Tips to Avoid
Heat Strokes in Seniors
As the spring warmth transitions into summer heat, it’s important to take special care to prevent heat stress that can result in multiple illnesses. Heat-related illnesses vary from heat cramps to heat exhaustion, but the most serious and deadly is heat stroke.
Older adults (65+) are the most prone to heat strokes
Heat strokes occur when the body overheats to 104°F or higher and loses its ability to cool down. They’re more likely to affect seniors 65+ years of age, who have a reduced ability to adjust well to sudden changes in temperature. Seniors are also likely to have medical conditions or take medications that impact their body’s response to heat.
Without emergency treatment, heat stroke victims can die or experience permanent damage in their brain or other internal organs. Get immediate medical help if you experience the signs of heat stroke listed below.
Signs of heat stroke
Keep an eye on your body’s reaction to the heat. If you’ve stopped sweating, feel lightheaded, and think you might pass out, immediately reach for medical help.
Heat stroke can happen gradually over hours or days of prolonged heat exposure. You might experience symptoms over several hours, or they might compound together in a short time.
If you experience any or all of the following symptoms, you’re at risk of heat stroke:
- Red, hot, and dry skin with no sweat
- A body temperature higher than 103°F
- Dizziness and throbbing headache
- Feeling faint or nauseous
- Behavioral changes including confusion, grogginess, and disorientation
- A pulse that is strong and rapid, or weak and slow
- Muscle weakness or cramps
5 Tips to Prevent Heat Stroke
Begin special care when the temperature rises above 80°F
Heat illnesses become a possibility when the outdoor temperature passes 80°F, especially when there is a high humidity of 75-80%. If you’re outside, stay under the shade and away from the sun or move to an air-conditioned shelter. Keep water near you and drink before you begin to feel thirsty.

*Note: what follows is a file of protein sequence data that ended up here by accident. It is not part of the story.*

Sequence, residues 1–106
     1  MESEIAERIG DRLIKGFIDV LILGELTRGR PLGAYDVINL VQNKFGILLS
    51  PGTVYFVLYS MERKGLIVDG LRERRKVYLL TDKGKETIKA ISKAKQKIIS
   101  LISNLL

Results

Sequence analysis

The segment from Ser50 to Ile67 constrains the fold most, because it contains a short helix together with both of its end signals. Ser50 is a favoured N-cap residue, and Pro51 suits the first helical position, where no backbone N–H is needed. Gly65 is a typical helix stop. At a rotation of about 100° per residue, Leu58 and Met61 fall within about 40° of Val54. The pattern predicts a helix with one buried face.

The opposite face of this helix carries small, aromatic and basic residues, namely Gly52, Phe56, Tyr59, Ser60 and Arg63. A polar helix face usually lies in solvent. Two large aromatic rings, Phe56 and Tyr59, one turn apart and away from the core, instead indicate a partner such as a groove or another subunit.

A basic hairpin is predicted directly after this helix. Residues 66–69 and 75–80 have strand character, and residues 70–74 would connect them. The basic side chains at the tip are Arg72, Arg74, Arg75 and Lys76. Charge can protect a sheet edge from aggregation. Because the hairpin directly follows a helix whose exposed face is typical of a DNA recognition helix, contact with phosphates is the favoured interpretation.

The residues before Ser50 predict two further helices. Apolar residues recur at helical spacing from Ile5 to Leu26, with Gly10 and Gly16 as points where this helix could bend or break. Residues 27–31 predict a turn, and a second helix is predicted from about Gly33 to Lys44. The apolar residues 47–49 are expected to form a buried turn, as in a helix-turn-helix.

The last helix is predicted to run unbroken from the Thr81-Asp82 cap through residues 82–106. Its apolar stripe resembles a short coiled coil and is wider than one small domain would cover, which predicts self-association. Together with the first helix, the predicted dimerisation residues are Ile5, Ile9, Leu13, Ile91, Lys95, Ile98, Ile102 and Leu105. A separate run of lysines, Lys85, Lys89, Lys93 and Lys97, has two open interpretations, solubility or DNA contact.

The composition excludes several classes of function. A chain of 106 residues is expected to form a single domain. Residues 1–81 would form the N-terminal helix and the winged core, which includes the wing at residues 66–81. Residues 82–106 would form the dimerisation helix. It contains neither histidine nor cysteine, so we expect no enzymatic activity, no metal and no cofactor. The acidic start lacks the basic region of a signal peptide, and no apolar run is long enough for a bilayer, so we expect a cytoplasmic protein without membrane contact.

If you stay outside, wear SPF 30+ sunscreen and sun-protective clothing including a wide-brimmed hat and sunglasses. Loose, lightweight, and light-colored clothing can air out your body and won’t retain body heat. Natural fabrics like cotton tend to feel cooler than synthetic fabrics.
Stay in an air-conditioned room when the heat index is above 90
Keep an eye on the heat index, which combines air temperature with humidity levels to measure how hot it really feels. For example, if the temperature is 80°F and the humidity level is 75%, the heat index is 84°F, which is in the caution zone for heat-related illnesses. Most heat index charts have four caution zones based on prolonged exposure or strenuous activity: Caution, Extreme Caution, Danger, and Extreme Danger. Consider moving indoors for indexes in the caution zone and move indoors for higher zones.
Also note that hot air travels upward, so if you’re in a multi-level house, stay on the ground or basement level. Draw curtains and close blinds to keep the sunlight out, use solar curtains to reflect heat away from the house, and avoid turning on the oven and other heat-producing appliances.
Use electric fans only when the temperature is below 95°F
When taking indoor shelter from the heat, only stay in air-conditioned rooms. Electric fans shouldn’t be used when the temperature is in the high 90s because they can trick your body into thinking it’s cooler.
Unlike air conditioners, which cool the air, electric fans only circulate air. If connected to the outdoors, electric fans could bring in air hotter than your body temperature and increase your risk of heat stroke. You might feel cool because the air evaporates your sweat, but sweat evaporation actually speeds up heat stress.
Maintain hydration with extra fluids
Avoid alcohol, caffeine, and sugary drinks. These beverages have the opposite effect of water by dehydrating your body and increasing the need to urinate. Instead, drink more water than usual. You could also drink fruit and vegetable juice, or an electrolyte-rich sports drink to replenish depleted salt. If your doctor limits your fluid intake, ask them what you should do to stay hydrated during hot weather.
Avoid strenuous activities during hot weather
Don’t overexert yourself when the temperature is high. This isn’t limited to vigorous exercise. Even housework can increase your body temperature. If you feel more exhausted than usual doing a routine activity, stop until the weather cools.
MorningStar Senior Living is dedicated to offering compassionate care by meeting each resident’s social, emotional, physical, and spiritual needs. If you’re a senior or adult relative of a senior, refer to our Decision Guide to determine the best time to consider assisted living communities.